Postpartum Depression or Postpartum Anxiety?

Postpartum depression first gained medical attention in the 1970’s.  Like depression which occurs at other times in a woman’s life, researchers observed that postpartum depression is characterized by feelings of sadness, irritability, tearfulness, appetite changes, and sleep disturbance.  But what we have learned over time is that many women with what we typically call “postpartum depression” also have significant anxiety symptoms.  

This most commonly takes the form of generalized anxiety, persistent and excessive worries, feelings of tension, and inability to relax.  Often these worries are focused on the baby, his or her health and safety.

Many postpartum women have symptoms consistent with obsessive-compulsive disorder (OCD).  Obsessional thoughts are experienced as intrusive, unwanted and inconsistent with one’s typical personality or behavior, and patients often express fears of even thinking these thoughts, particularly when they involve thoughts of harm to their baby.  One study demonstrated that 57% of women with postpartum onset major depression reported obsessional thoughts (as compared to 36% of women with non-postpartum major depression).  In addition, women with postpartum obsessional thoughts had more frequent obsessional thoughts than women with non-postpartum obsessional thoughts.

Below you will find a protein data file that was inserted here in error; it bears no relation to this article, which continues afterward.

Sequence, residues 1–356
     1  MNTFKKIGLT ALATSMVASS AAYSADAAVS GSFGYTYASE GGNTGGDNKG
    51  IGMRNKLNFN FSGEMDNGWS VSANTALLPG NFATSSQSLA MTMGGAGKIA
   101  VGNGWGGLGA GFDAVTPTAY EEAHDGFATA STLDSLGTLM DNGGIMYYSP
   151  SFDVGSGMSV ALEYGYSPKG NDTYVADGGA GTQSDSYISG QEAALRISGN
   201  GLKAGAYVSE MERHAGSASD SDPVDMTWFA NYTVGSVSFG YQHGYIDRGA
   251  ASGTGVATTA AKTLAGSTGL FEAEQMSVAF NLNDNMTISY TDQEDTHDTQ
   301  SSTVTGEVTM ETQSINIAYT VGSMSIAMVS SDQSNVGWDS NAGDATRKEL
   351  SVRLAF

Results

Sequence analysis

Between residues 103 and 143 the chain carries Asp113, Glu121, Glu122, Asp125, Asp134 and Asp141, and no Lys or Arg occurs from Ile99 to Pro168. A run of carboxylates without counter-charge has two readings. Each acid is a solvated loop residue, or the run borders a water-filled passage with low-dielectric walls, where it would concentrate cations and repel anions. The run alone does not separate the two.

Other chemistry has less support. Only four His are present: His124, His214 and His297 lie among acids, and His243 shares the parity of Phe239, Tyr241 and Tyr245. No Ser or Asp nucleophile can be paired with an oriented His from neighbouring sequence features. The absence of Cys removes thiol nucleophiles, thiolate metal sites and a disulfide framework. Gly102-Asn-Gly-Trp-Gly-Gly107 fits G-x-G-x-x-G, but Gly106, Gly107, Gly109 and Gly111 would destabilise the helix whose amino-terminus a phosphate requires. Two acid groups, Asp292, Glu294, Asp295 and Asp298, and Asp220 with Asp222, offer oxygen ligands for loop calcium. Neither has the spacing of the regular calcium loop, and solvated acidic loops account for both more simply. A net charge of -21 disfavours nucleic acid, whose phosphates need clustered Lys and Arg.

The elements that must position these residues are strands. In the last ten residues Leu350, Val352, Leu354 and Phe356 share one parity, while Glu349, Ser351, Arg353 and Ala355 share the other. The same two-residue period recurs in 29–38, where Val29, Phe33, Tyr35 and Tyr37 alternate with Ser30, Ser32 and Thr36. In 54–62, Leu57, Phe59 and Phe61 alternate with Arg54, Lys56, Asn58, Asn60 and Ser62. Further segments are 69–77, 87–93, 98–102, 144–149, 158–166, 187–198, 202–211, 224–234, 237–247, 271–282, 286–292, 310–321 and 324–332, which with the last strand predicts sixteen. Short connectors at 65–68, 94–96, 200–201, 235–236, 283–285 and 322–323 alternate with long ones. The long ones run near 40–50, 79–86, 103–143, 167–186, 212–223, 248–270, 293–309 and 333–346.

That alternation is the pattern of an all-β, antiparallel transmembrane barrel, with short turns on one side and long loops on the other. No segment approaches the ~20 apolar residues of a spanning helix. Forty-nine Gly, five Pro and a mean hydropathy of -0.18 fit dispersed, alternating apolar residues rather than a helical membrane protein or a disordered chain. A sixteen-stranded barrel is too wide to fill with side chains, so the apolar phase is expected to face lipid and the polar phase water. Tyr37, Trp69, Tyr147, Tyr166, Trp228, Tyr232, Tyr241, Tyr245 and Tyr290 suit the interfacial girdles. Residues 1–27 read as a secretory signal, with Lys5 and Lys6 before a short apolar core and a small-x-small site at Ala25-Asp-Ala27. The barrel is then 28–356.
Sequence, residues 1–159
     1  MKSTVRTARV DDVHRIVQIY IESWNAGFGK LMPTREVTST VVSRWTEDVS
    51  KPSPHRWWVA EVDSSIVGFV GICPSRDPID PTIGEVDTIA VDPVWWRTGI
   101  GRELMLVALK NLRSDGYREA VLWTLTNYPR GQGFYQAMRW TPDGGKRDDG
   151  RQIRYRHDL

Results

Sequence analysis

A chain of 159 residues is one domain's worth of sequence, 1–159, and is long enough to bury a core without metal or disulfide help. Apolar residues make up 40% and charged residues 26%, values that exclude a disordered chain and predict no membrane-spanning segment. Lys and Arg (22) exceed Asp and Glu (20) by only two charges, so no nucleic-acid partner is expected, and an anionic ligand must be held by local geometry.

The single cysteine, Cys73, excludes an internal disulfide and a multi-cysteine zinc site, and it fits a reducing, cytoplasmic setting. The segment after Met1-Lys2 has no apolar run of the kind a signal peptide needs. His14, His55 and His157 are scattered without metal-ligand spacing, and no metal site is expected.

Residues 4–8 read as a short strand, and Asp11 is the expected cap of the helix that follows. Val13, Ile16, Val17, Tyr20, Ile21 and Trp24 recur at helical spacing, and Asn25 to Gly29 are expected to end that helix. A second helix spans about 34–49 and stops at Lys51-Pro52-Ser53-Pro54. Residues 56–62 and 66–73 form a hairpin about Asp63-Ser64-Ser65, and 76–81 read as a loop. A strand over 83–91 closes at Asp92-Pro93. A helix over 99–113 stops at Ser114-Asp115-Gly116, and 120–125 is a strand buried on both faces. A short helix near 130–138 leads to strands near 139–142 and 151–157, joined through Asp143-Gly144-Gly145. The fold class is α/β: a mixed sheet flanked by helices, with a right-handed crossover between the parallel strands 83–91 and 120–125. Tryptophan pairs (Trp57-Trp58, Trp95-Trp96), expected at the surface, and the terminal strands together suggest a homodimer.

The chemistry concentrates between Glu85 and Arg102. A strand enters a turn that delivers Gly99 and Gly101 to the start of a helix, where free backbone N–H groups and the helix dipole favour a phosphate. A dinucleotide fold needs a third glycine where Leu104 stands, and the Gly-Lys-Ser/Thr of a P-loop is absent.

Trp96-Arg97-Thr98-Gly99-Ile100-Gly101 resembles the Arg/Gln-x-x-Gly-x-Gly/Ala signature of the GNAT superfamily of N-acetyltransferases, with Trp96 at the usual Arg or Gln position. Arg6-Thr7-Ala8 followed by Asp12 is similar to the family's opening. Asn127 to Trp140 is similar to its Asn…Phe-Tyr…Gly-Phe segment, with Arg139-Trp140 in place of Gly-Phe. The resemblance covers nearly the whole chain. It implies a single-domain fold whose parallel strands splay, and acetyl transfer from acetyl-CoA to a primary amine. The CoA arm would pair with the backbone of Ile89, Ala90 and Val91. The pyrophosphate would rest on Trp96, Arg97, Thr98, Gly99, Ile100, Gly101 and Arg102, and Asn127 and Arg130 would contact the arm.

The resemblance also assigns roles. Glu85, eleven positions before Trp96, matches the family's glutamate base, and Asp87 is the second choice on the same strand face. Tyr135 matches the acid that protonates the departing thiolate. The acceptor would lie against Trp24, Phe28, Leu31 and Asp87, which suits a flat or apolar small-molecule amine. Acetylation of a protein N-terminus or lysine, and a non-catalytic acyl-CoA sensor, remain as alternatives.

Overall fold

How postpartum depression and postpartum anxiety relate to one another is not fully understood.  Clinically, it seems that women with more severe depressive symptoms also have comorbid anxiety symptoms.  We do see non-depressed postpartum women with generalized anxiety disorder (GAD) or OCD; however, it seems that many women who have postpartum GAD and OCD ultimately report some depressive symptoms, especially when their symptoms are more severe or prolonged.